Student Employment National Research Study

Financial Wellness Career and Workforce Development Socioeconomic and Class Issues in Higher Education Student Career Development Student Leadership Programs AVP or "Number Two" VP for Student Affairs
Why on-campus student employment?

Rising tuition costs, family obligations, resume-building, and handling the curveballs life can throw, are just a few reasons why working while in school is a must for many students. An average of 70 to 80 percent of full- or part-time students are employed either on- or off-campus. This prevalence of student employment has sparked interest among both practitioners and policymakers to explore and ultimately leverage the role of student employment, on-campus employment specifically, on student success.

If operationalized effectively, on-campus employment can provide students with a greater financial security, while also improving learning, career-readiness, and persistence outcomes. Recognizing these benefits, many institutions have advanced the use federal work-study and institutional-funded campus-based employment programs as a high-priority research area that can positively impact today's students.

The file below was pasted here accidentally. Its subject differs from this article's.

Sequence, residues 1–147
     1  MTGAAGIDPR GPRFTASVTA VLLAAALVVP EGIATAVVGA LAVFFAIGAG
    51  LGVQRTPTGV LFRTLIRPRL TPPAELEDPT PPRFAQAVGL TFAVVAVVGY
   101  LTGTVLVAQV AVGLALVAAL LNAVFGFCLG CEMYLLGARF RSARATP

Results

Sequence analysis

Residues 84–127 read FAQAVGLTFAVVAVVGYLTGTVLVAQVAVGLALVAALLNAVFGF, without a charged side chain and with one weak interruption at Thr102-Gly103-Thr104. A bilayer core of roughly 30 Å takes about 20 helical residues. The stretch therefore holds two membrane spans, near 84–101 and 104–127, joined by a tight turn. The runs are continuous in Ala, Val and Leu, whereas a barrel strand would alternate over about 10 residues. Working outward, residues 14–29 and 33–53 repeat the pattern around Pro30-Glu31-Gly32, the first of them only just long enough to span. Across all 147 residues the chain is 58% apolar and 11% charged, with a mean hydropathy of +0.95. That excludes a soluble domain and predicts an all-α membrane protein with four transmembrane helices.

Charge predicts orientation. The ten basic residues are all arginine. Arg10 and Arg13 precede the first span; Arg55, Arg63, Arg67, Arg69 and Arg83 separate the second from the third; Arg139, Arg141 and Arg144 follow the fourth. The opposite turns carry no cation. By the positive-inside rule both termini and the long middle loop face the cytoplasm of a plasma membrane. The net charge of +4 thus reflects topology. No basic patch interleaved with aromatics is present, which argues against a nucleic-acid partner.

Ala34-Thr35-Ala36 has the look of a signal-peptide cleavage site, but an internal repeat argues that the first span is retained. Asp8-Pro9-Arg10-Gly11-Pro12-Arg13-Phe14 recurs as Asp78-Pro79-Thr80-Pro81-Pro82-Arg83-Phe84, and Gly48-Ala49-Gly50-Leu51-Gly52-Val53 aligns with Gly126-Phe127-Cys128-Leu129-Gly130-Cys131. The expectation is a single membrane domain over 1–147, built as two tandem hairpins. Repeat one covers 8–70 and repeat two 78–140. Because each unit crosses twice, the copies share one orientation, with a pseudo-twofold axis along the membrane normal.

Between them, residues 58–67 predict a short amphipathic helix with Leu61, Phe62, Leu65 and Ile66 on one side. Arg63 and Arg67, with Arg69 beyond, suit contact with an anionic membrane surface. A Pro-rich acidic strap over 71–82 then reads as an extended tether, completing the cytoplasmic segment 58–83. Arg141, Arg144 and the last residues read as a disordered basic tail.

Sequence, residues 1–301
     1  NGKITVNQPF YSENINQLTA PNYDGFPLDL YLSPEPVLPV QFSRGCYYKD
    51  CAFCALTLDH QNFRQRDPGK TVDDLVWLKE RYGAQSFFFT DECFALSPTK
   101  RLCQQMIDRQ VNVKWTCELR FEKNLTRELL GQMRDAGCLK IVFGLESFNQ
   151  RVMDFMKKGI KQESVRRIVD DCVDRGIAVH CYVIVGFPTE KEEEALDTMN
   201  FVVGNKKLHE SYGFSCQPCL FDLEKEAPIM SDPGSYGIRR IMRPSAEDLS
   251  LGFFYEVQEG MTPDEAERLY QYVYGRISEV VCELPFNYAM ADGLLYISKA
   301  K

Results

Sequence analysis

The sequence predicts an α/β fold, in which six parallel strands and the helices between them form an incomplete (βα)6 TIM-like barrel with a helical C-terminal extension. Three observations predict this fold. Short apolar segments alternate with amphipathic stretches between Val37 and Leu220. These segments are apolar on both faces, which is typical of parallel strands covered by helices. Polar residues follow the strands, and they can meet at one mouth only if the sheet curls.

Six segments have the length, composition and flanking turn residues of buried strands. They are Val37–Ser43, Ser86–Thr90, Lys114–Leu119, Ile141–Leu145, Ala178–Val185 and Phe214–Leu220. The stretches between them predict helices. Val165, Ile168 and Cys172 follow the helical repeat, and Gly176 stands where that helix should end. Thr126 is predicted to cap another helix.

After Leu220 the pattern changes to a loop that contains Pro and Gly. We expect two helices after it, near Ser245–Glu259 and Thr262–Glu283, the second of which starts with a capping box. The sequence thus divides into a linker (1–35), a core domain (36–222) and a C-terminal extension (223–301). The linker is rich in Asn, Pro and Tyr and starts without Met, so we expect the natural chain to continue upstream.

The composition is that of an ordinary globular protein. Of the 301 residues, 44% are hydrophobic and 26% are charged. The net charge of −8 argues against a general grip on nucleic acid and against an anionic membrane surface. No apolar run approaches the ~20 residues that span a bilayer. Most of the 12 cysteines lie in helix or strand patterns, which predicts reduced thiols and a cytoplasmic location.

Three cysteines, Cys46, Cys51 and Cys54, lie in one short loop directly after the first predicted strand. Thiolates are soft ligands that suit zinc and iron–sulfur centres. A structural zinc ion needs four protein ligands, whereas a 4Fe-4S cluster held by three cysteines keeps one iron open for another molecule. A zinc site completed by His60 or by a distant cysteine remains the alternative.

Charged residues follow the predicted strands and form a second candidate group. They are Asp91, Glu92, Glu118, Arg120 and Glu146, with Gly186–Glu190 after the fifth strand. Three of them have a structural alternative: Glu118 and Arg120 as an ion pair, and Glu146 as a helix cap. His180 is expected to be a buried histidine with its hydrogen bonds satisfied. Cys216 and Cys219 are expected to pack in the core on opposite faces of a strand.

Key Findings

  • Senior leadership engagement is critical to ensuring greater alignment and support from the institution.
  • Institutions want to invest more in student employment program development.
  • Multiple communication channels are needed to explain to students the benefits on working on-campus and to inform them about on-campus positions.
  • Supervisors are primarily responsible for supporting student employee growth and often serve as the linchpin of the experience.
  • Institutions should have a shared understanding of what student employees should be learning.
  • Strategic data utilization is an area for improvement among many institutions, with only 35% of respondents analyzing data on hourly on-campus student employees for reasons other than federal and state employee compliance purposes.

Scope of Research

NASPA’s overarching research question was, “How are institutions maximizing student employment funds to support student retention?” Through this question, NASPA explored how institutions designed and administered on-campus student employment as a high-impact practice. NASPA’s comprehensive student employment landscape analysis occurred in three phases: (1) interviews with leaders and practitioners at institutions, (2) campus site visits, and (3) a national survey.

The report will help inform and offer guidance for colleges and universities that consider on-campus employment an underutilized resource and seek to transform the practice into a powerful means of advancing student success.

Related Resources


Student Employment Downloads